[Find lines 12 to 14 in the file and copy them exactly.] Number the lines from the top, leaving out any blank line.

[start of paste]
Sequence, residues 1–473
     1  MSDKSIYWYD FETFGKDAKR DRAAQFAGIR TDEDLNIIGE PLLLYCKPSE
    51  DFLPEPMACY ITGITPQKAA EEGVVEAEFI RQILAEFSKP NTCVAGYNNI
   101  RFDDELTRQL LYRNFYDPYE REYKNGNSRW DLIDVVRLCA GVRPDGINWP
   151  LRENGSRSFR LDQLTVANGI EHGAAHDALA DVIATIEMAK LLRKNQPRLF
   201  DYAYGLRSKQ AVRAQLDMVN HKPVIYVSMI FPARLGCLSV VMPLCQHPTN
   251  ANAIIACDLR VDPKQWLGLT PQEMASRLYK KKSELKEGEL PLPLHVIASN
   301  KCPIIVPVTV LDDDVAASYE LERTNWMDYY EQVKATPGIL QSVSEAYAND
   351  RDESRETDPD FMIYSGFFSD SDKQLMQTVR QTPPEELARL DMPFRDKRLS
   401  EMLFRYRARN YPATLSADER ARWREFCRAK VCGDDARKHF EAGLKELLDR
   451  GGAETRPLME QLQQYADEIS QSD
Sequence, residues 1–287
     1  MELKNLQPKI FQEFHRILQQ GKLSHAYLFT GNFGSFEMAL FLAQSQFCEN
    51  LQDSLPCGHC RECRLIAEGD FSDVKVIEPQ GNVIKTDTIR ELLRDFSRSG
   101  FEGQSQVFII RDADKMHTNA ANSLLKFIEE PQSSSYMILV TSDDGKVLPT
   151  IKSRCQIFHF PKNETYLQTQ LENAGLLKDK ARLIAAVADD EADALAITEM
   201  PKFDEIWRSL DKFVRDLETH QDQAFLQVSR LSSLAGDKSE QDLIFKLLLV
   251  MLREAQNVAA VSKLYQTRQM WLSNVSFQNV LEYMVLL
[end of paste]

Sequence, residues 1–287
     1  MELKNLQPKI FQEFHRILQQ GKLSHAYLFT GNFGSFEMAL FLAQSQFCEN
    51  LQDSLPCGHC RECRLIAEGD FSDVKVIEPQ GNVIKTDTIR ELLRDFSRSG